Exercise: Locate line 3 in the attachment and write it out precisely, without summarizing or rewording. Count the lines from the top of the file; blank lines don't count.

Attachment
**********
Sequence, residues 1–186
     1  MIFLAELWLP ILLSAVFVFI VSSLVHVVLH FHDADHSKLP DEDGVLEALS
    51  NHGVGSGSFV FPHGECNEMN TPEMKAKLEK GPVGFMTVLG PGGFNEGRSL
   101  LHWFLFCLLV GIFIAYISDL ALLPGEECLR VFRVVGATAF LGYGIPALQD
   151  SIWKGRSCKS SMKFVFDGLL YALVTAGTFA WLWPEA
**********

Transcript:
    51  NHGVGSGSFV FPHGECNEMN TPEMKAKLEK GPVGFMTVLG PGGFNEGRSL